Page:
Things soon turned from bad to worse when the adulteress started sobbing profusely for no known reason. She didn’t utter a word. She came in the dining room and, when she saw Jesus, she just broke down and sobbed as if a levee had been breached. She fell at Jesus’ feet and, with her tears, started to wash his feet.

Then she did the unthinkable. She removed her head covering, loosed her hair pin, and with her long hair she began to dry Jesus’ feet. Now I don’t know if you know anything about our Jewish ways. But when a woman let her hair down or showed her hair in public this was an act of lewdness and immodesty. No woman with any sense or propriety would dare do such a thing! Especially in the presence of a rabbi! And most definitely not in the home of a Pharisee! I was beyond volcanic! But I found myself strangely speechless and unable to move.

When she was done drying Jesus’ feet, she took a small vial of perfume that hung around her neck. She opened it and poured it on Jesus’ feet. She rubbed it on and just knelt there, transfixed, as if everything was honky dory.

By now it became painfully obvious to me that if Jesus was truly a prophet he would not have allowed this sinner of a woman to do what she did to him. It was a common understanding we had amongst ourselves that no man of God who would allow a woman to touch him in public. And definitely not a sinner! More than anything else I’d heard about Jesus, his reclining there and letting the adulteress carry on the way she did proved to me that there was no way this guy could be a prophet.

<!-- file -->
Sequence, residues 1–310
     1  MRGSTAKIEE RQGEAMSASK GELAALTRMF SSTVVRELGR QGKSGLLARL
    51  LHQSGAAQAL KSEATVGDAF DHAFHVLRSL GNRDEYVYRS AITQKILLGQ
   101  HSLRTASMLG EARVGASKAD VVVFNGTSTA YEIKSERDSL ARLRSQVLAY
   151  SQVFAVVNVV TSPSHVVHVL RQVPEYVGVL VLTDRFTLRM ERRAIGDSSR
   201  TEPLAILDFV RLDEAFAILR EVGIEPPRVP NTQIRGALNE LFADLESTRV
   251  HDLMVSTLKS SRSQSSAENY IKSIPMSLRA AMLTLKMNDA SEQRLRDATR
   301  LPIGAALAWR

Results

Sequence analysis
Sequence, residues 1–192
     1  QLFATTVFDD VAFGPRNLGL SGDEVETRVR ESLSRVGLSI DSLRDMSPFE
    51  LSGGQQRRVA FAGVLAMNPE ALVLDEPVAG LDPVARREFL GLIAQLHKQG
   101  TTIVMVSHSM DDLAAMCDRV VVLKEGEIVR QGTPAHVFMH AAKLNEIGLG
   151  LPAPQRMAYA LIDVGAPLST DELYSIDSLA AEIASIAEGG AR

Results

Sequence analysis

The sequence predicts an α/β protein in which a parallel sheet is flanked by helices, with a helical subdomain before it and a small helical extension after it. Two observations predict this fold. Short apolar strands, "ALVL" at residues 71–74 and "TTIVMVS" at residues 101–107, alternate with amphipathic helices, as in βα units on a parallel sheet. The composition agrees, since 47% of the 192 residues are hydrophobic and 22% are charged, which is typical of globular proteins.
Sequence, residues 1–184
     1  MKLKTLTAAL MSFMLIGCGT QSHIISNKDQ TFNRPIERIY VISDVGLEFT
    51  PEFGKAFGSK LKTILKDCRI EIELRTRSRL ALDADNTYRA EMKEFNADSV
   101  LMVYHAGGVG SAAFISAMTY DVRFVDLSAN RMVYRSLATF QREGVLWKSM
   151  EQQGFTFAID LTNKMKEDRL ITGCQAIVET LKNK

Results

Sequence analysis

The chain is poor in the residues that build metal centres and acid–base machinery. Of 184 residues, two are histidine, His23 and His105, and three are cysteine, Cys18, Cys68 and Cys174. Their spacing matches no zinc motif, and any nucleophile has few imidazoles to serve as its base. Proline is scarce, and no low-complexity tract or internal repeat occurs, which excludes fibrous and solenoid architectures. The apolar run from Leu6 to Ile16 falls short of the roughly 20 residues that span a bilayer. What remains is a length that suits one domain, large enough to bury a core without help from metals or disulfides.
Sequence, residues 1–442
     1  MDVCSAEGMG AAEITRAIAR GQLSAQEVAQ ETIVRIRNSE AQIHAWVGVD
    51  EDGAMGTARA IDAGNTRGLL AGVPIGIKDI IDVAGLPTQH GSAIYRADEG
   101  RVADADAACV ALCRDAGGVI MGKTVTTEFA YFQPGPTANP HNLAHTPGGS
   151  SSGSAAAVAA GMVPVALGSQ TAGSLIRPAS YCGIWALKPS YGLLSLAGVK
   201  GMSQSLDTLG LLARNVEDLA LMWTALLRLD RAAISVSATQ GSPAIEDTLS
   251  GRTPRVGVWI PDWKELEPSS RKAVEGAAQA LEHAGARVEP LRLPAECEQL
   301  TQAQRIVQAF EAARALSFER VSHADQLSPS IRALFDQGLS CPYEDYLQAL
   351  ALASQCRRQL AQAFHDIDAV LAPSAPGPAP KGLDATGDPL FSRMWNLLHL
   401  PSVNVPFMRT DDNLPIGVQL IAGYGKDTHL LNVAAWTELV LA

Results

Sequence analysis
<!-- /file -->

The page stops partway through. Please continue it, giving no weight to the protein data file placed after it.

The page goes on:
As I was formulating my settled conclusion about Jesus in my mind, he looked at me and asked, Simon, do you mind if I tell you a story?

Not at all, I said. I’m all ears.

Jesus started in. Two men owed a moneylender some money. One owed him five hundred denarii, and the other owed him fifty.  (42)  When they couldn’t pay it back, the moneylender kindly forgave both debtors and told them they didn’t have to pay him back. Now who do you think will love him the most (Luke 7:41-42)?

Well, that was a no-brainer for me. The guy who owed him the most would love him the most, I replied. What, I was wondering to myself, was Jesus getting at? I didn’t have long to wait on the answer.